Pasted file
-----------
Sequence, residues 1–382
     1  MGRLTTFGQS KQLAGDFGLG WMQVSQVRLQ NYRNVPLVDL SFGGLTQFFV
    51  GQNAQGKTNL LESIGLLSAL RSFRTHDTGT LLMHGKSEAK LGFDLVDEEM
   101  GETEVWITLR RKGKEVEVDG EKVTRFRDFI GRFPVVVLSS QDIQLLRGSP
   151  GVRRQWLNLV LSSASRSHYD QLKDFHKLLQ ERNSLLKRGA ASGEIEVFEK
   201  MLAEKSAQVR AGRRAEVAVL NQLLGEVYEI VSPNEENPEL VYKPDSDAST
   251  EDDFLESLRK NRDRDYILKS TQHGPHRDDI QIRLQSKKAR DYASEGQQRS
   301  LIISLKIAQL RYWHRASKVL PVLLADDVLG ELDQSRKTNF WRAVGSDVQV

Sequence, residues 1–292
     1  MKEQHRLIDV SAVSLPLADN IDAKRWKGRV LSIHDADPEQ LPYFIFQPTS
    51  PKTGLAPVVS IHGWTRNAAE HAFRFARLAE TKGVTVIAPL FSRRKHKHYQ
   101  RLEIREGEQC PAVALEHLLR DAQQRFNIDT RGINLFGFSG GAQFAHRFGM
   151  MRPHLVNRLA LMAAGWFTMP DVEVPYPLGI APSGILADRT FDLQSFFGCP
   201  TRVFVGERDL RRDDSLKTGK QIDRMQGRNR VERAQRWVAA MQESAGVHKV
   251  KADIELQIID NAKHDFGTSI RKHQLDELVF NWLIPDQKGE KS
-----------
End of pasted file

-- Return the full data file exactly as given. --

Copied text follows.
Sequence, residues 1–382
     1  MGRLTTFGQS KQLAGDFGLG WMQVSQVRLQ NYRNVPLVDL SFGGLTQFFV
    51  GQNAQGKTNL LESIGLLSAL RSFRTHDTGT LLMHGKSEAK LGFDLVDEEM
   101  GETEVWITLR RKGKEVEVDG EKVTRFRDFI GRFPVVVLSS QDIQLLRGSP
   151  GVRRQWLNLV LSSASRSHYD QLKDFHKLLQ ERNSLLKRGA ASGEIEVFEK
   201  MLAEKSAQVR AGRRAEVAVL NQLLGEVYEI VSPNEENPEL VYKPDSDAST
   251  EDDFLESLRK NRDRDYILKS TQHGPHRDDI QIRLQSKKAR DYASEGQQRS
   301  LIISLKIAQL RYWHRASKVL PVLLADDVLG ELDQSRKTNF WRAVGSDVQV

Sequence, residues 1–292
     1  MKEQHRLIDV SAVSLPLADN IDAKRWKGRV LSIHDADPEQ LPYFIFQPTS
    51  PKTGLAPVVS IHGWTRNAAE HAFRFARLAE TKGVTVIAPL FSRRKHKHYQ
   101  RLEIREGEQC PAVALEHLLR DAQQRFNIDT RGINLFGFSG GAQFAHRFGM
   151  MRPHLVNRLA LMAAGWFTMP DVEVPYPLGI APSGILADRT FDLQSFFGCP
   201  TRVFVGERDL RRDDSLKTGK QIDRMQGRNR VERAQRWVAA MQESAGVHKV
   251  KADIELQIID NAKHDFGTSI RKHQLDELVF NWLIPDQKGE KS